Day: March 22, 2010

Suprisingly, David Frum And Other Analysts Get It!

There is no doubt that there are many Fox News viewers who have morphed into the “Tea Party Movement”.  It appears the GOP embracing that movement may just come back to haunt them, big time.   I have highlighted four political analysts who express their take on the events of the last several months.

David Frum, former speechwriter to President George W. Bush:

Conservatives and Republicans today suffered their most crushing legislative defeat since the 1960s.

It’s hard to exaggerate the magnitude of the disaster. Conservatives may cheer themselves that they’ll compensate for today’s expected vote with a big win in the November 2010 elections. [...]

No illusions please: This bill will not be repealed. Even if Republicans scored a 1994 style landslide in November, how many votes could we muster to re-open the “doughnut hole” and charge seniors more for prescription drugs? How many votes to re-allow insurers to rescind policies when they discover a pre-existing condition? How many votes to banish 25 year olds from their parents’ insurance coverage? And even if the votes were there – would President Obama sign such a repeal?

We followed the most radical voices in the party and the movement, and they led us to abject and irreversible defeat. [...]

So today’s defeat for free-market economics and Republican values is a huge win for the conservative entertainment industry. Their listeners and viewers will now be even more enraged, even more frustrated, even more disappointed in everybody except the responsibility-free talkers on television and radio. For them, it’s mission accomplished. For the cause they purport to represent, it’s Waterloo all right: ours.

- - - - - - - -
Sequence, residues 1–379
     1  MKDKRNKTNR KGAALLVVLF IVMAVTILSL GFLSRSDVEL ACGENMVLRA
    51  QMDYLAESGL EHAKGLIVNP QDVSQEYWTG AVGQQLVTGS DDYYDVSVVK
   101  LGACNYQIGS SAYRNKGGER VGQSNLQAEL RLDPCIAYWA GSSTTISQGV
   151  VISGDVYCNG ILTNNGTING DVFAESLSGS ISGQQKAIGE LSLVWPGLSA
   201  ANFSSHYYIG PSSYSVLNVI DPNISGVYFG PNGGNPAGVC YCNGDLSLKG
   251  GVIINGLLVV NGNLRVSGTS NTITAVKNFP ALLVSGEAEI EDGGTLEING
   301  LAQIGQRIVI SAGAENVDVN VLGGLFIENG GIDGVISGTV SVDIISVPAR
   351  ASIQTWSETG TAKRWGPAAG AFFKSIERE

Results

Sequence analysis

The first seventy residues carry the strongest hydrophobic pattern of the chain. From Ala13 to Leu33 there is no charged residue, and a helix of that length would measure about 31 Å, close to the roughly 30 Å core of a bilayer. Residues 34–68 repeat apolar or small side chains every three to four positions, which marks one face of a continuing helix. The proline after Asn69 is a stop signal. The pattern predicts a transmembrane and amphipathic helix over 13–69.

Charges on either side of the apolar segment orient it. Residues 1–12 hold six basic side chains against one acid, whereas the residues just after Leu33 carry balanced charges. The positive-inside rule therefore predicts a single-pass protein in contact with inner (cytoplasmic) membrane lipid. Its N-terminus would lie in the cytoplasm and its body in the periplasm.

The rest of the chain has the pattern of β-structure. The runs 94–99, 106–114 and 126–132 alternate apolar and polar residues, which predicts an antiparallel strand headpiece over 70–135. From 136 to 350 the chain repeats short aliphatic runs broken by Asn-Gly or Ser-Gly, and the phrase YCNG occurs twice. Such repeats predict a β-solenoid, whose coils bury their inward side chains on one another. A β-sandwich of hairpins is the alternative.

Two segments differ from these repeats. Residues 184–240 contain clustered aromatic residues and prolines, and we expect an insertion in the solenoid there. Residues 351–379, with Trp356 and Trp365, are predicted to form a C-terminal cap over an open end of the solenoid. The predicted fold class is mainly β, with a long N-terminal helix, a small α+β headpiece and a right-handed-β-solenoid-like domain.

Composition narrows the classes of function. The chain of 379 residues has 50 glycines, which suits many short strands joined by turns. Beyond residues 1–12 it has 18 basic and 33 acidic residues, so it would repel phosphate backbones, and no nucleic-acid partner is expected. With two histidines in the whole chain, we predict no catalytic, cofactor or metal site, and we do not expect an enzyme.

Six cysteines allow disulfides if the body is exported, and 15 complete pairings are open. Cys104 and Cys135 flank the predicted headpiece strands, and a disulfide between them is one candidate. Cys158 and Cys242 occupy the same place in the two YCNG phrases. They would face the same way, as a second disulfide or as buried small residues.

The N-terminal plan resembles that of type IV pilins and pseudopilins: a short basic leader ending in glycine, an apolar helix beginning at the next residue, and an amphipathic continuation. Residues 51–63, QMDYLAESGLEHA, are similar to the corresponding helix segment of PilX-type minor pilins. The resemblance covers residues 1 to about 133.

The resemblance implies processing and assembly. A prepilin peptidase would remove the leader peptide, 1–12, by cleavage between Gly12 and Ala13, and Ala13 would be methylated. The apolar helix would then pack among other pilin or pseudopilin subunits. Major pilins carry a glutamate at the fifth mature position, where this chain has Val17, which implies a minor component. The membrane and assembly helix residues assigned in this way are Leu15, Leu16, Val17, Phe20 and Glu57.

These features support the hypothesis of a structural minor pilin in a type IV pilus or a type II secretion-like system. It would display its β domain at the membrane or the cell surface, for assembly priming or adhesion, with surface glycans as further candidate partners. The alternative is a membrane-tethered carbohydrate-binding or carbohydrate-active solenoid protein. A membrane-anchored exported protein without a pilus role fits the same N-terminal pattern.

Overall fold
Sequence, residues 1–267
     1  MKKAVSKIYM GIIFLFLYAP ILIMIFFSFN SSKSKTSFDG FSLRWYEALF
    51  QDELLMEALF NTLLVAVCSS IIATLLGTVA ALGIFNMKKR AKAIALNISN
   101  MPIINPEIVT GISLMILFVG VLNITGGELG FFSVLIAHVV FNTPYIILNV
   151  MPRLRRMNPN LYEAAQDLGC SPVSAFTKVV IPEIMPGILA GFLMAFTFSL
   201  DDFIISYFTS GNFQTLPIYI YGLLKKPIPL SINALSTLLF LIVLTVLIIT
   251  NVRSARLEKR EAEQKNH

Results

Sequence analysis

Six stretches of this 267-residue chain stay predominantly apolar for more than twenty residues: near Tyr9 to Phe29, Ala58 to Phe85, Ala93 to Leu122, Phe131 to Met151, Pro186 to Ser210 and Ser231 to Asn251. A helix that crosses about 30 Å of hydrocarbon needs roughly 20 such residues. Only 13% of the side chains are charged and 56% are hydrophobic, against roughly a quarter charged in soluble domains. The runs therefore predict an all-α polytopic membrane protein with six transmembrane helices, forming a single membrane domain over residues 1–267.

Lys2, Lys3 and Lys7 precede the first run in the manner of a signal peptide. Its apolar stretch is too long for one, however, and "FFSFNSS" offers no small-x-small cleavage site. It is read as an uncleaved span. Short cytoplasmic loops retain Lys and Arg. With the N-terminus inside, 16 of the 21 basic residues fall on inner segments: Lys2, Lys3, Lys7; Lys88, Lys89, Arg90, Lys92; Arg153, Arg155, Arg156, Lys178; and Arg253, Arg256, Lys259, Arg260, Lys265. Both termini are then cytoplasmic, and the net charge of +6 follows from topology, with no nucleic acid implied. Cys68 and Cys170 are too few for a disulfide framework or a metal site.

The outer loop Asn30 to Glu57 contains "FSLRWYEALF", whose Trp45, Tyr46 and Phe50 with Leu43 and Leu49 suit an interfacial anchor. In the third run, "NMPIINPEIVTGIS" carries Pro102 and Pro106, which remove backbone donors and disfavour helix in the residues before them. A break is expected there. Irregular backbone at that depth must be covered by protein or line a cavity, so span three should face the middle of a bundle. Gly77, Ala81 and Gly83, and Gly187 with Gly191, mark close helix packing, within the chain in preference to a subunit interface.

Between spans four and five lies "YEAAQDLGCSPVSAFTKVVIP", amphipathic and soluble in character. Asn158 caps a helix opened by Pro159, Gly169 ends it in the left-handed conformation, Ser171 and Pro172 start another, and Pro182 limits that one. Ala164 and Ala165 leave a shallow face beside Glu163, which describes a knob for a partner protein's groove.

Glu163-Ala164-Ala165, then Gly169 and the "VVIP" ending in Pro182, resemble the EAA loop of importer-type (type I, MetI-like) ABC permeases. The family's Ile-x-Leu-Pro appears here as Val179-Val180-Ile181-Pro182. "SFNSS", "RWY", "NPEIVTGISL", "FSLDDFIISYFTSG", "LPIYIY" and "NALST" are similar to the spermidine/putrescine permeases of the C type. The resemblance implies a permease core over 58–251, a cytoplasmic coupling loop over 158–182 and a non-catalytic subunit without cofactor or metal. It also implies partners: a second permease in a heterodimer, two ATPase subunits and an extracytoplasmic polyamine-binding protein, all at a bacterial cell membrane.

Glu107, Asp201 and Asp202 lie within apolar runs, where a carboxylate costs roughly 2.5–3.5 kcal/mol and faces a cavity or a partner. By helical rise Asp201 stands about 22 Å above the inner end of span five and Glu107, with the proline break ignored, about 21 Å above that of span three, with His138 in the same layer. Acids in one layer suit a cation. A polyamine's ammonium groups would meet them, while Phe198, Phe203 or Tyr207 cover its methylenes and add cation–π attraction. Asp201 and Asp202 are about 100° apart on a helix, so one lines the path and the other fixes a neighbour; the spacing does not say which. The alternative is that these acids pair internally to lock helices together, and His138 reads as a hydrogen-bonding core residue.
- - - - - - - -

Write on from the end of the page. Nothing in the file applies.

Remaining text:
Paul Krugman: Fear-mongering strikes out:

“Few conservative policy intellectuals, after making a show of thinking hard about the issues, claimed to be disturbed by reform’s fiscal implications (but were strangely unmoved by the clean bill of fiscal health from the Congressional Budget Office) or to want stronger action on costs (even though this reform does more to tackle health care costs than any previous legislation). For the most part, however, opponents of reform didn’t even pretend to engage with the reality either of the existing health care system or of the moderate, centrist plan — very close in outline to the reform Mitt Romney introduced in Massachusetts — that Democrats were proposing.